Learning Zone

How to devise a vehicle replacement strategy

By Ellen Sowerby
22 January 2021

Be flexible to reduce fleet costs

We’re guessing that your business operates a fixed-interval replacement cycle for its fleet, but is this really the best option for you?

When it comes to vehicle replacement policies, most fleets use fixed cycles driven by a variety of factors, but it’s often the case within many fleets that these intervals have been prevalent for so long, they often go unquestioned. Here we look at how to determine what is right for your business… 

Vehicle replacement criteria 

There is a strong argument to consider a more flexible replacement cycle, focusing on the best performing but least costly makes and models for your operations. Such criteria could include:

  • Mixing different strategies for different functions
  • Shortening or lengthening cycles as needed
  • Making use of short-term program

We’ve put together a list of key issues to consider when determining the best replacement strategy for your business…

Do your homework

Working out the most effective replacement cycles for your vehicles isn’t always easy. It could be that mileages vary greatly across different parts of your operation. Our advice is to interrogate your data – considering each need separately and to assess whether a change in replacement cycle could lead to longer-term savings.

Where’s the incentive?

It’s always worth keeping an eye out for special offers from manufacturers. Quite often car companies offer short-term financial incentives, for example deposit contributions, servicing deals or subsidised leases for specific models. If you’re in a position to take advantage of these savings, it could work well for you.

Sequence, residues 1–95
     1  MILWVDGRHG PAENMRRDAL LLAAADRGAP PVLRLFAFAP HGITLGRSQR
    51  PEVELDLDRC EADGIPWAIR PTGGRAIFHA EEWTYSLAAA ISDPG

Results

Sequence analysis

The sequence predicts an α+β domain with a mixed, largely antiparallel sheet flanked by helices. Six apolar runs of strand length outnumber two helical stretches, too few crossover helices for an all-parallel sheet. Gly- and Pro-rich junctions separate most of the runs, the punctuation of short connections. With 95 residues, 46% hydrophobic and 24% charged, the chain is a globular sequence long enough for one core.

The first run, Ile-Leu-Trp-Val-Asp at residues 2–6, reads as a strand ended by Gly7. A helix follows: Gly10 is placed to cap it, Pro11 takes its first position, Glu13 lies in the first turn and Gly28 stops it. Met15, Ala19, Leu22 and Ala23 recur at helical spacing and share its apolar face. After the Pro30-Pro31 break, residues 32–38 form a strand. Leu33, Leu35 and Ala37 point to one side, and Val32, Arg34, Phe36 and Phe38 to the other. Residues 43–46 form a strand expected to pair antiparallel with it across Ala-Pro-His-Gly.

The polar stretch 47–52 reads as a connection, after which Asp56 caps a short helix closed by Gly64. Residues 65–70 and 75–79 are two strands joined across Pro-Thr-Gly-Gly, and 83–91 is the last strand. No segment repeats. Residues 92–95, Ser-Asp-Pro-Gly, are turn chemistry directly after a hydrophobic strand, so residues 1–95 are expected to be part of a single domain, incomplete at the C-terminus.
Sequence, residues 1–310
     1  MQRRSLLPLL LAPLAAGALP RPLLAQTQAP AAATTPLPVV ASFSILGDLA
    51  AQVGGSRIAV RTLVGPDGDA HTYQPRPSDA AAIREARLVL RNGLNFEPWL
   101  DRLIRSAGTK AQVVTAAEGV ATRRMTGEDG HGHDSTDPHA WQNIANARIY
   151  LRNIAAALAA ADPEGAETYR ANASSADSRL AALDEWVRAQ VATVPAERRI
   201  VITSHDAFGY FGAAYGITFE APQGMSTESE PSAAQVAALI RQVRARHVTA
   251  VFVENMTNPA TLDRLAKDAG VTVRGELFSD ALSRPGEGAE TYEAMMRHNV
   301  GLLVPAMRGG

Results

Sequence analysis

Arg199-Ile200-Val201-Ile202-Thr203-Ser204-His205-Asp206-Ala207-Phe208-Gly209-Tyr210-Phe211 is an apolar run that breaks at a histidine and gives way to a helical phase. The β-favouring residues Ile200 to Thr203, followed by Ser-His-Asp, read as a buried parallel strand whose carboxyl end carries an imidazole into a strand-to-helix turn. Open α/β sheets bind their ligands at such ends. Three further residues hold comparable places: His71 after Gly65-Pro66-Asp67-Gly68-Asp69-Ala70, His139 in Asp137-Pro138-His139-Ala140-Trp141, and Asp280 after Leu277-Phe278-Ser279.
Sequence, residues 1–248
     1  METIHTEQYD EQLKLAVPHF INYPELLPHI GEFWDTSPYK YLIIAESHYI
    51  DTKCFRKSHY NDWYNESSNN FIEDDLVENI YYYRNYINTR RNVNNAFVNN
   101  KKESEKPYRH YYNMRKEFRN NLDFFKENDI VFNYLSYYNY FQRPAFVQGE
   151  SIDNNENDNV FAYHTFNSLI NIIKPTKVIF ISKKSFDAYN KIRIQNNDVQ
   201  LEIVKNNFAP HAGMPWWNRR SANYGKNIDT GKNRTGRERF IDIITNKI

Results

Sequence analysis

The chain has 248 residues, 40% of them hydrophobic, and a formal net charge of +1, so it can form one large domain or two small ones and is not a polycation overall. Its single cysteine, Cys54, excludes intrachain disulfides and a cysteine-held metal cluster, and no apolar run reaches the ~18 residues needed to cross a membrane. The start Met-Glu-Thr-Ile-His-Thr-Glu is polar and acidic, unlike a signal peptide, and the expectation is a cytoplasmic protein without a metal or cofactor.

Managing uncertainty

We know that when there’s economic uncertainty, your business needs to react – and one way of doing this is to extend your current replacement cycle. This gives you time to breathe, assess the situation and come up with a new plan.

However, there are downsides which we think you need to consider too. For instance, older equipment might lead to higher maintenance costs and repair bills, including items that are no longer covered by a manufacturer’s warranty.

The short option

If you identify a requirement for a vehicle that will need to last only a year or two, many leasing companies offer short and medium term contracts for new vehicles, some of which are renewable at six or 12-month intervals. These programs can provide a degree of flexibility without entering into a longer-term commitment.

Would re-allocation work?

One strategy which we’ve seen work for some businesses is to re-allocate vehicles. If some of your vehicles have less mileage than others, a strategy may be to swap around equipment. Doing this can help:

  • Balance utilisation across your fleet
  • Avoid leased vehicles being turned in with higher mileage than their contract allows
  • Reduce the costs that come with operating older equipment

Stay informed

Whatever path you take, we recommend you crunch the numbers to better understand how your fleet is being used, and identify opportunities.

Take steps to gather information and conduct an assessment of vehicle replacement cycles to identify which equipment is more/less efficient and costly to operate.

Fleet management software can help you here. You can use it to create reports and compare the cost of extending lifecycles vs. replacing equipment. This data can also help to create different scenarios so you can evaluate ways to optimise the use of your current fleet.)

Having looked at all of the factors in detail, it could be that a standard replacement cycle is the best option for your operation. However, it is worth every effort to understand if other choices may also work well for you.

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